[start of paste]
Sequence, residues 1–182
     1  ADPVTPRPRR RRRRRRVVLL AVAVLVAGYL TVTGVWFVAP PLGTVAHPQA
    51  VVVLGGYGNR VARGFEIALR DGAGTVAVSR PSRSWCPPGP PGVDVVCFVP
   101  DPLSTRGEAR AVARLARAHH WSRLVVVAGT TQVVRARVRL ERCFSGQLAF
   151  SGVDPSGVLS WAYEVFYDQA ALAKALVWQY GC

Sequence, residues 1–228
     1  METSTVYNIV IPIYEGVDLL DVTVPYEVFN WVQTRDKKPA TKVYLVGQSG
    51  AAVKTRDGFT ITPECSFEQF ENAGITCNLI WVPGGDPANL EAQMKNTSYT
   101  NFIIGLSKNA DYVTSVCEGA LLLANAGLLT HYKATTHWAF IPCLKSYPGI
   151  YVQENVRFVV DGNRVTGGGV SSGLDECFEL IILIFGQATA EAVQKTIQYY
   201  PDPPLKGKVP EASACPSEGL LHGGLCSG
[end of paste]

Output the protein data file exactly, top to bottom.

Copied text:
Sequence, residues 1–182
     1  ADPVTPRPRR RRRRRRVVLL AVAVLVAGYL TVTGVWFVAP PLGTVAHPQA
    51  VVVLGGYGNR VARGFEIALR DGAGTVAVSR PSRSWCPPGP PGVDVVCFVP
   101  DPLSTRGEAR AVARLARAHH WSRLVVVAGT TQVVRARVRL ERCFSGQLAF
   151  SGVDPSGVLS WAYEVFYDQA ALAKALVWQY GC

Sequence, residues 1–228
     1  METSTVYNIV IPIYEGVDLL DVTVPYEVFN WVQTRDKKPA TKVYLVGQSG
    51  AAVKTRDGFT ITPECSFEQF ENAGITCNLI WVPGGDPANL EAQMKNTSYT
   101  NFIIGLSKNA DYVTSVCEGA LLLANAGLLT HYKATTHWAF IPCLKSYPGI
   151  YVQENVRFVV DGNRVTGGGV SSGLDECFEL IILIFGQATA EAVQKTIQYY
   201  PDPPLKGKVP EASACPSEGL LHGGLCSG